The size of Panama City shocked the both of us. We hadn’t seen so many huge skyscrapers since leaving Sydney.
Before departing for Galápagos we needed some fresh food, to top the fuel back up, and of course to see what this major South American hub could offer us.
I did some research online and the top of every must do list is a visit to the canal. I think we’ve safely ticked that one off! The next up is the Old Town area which has gone under a major regeneration program over the last few years and many old buildings have been saved by reworking the area as a safe place to eat good food, drink, and be merry! Sounded like just the thing we’d be interested in but before we could play we had some stocking up to do.
As it was Easter weekend we only had one day to get everything we needed. As Pippy and Richard had the same objectives we decided to team up. First up was getting all the paper charts we needed for the remainder of the trip back to Sydney.
We found a huge shop stocking everything the budding sailor could need. We left with all the recommended charts, cruising guides, and lighter wallets.
Despite what many will tell you paper charts are dead. Digital versions, and the power of the devices displaying them, are just too good. That being said we always carry large area ‘planning charts’ on board. If anything was to happen to the 349 GPS devices we have on board (lightning strikes have been known to kill anything electrical) we’d be able to hopefully get back to land with some dead reckoning.
Next up we needed to hit the supermarket and get some fresh produce on board. We must have two years worth of long life foods… the usual rice, pasta, canned goods, etc, so it’s nice to just focus on fresh items. We made it back to the boat and packed the fridge solid.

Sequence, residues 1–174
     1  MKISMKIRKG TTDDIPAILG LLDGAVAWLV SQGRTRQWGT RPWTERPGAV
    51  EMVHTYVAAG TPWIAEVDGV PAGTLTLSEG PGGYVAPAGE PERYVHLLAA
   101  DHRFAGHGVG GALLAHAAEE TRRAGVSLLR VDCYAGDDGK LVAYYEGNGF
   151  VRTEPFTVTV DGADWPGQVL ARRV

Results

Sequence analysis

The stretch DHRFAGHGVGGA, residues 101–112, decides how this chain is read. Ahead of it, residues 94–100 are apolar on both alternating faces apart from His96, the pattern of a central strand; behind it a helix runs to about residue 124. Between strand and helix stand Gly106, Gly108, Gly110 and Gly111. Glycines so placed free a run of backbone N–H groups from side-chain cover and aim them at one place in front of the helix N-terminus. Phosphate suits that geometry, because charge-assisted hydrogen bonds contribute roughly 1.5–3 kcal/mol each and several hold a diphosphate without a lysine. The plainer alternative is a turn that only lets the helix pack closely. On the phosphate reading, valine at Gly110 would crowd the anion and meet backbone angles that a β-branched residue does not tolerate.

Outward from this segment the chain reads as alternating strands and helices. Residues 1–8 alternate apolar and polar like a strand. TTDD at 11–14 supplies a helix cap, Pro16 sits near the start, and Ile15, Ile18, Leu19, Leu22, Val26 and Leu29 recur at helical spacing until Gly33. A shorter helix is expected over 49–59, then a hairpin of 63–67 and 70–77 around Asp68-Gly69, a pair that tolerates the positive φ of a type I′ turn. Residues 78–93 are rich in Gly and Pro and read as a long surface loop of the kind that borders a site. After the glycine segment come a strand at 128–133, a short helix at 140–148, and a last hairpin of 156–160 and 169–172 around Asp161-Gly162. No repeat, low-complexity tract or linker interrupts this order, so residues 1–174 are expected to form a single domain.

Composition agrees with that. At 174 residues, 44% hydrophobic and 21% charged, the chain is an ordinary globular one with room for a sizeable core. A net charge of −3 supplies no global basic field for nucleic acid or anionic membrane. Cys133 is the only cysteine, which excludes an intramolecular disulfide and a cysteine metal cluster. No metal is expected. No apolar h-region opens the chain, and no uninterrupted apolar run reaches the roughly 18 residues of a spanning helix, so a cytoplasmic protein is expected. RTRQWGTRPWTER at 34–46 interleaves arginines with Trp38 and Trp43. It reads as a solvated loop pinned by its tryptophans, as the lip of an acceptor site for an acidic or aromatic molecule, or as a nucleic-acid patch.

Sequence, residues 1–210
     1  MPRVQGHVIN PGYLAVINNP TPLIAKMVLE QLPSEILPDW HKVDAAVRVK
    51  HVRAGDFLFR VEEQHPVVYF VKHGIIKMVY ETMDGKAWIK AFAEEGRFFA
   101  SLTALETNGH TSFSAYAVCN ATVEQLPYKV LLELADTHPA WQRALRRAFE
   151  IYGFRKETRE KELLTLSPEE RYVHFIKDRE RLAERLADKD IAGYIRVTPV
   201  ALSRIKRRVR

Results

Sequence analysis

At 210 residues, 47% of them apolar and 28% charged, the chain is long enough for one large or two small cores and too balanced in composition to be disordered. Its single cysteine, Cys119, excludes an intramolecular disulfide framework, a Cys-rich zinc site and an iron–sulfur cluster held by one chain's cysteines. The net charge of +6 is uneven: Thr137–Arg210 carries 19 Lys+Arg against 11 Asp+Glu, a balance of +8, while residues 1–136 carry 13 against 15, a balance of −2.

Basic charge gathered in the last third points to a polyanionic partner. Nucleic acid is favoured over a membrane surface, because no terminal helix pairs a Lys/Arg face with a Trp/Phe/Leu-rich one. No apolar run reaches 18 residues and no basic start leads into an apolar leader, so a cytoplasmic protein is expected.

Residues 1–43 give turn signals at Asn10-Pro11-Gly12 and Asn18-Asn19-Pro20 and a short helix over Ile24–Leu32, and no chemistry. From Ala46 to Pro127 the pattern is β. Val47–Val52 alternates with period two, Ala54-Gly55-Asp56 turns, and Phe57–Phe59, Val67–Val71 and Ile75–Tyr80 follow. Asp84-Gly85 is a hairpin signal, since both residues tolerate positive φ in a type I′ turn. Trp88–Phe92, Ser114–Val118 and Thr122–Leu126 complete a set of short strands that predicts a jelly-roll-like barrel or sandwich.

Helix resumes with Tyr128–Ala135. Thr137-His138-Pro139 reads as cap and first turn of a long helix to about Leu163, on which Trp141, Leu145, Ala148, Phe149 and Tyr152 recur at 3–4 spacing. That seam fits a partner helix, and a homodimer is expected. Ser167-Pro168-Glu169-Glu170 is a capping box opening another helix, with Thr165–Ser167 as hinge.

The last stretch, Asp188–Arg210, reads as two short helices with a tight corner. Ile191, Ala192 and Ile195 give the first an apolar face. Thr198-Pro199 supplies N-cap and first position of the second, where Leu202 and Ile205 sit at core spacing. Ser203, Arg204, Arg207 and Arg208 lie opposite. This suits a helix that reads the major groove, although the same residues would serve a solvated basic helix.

Our reward for such good provisioning was a night on the town. I forgot to mention that Balboa yacht club doesn’t have a dingy dock. You just call up on channel 12 news get a lift over to shore on a launch they send out. We called up, waited, and headed over looking slightly out of place in our ‘hitting the town’ clothes while boat workers, fishermen, and other yachties rocked the ‘oil splashed, fish gut splattered, sun faded shorts and t-shirts’ threads they were wearing. Funny thing wearing jeans and a shirt – felt really weird to me its been that long.
We hit the yacht club bar to unwind from the excitement of the canal transit and full on day we’d had bouncing around Panama hunting for supplies. After a few ice cold beers we asked the barman if he could order us a taxi into the old town. A very nice gent a few seats down spoke up saying that he was heading there and we could hitch a ride with him and his lady friend (we still don’t know what was going on between those two but he’d done alright for himself if anything was).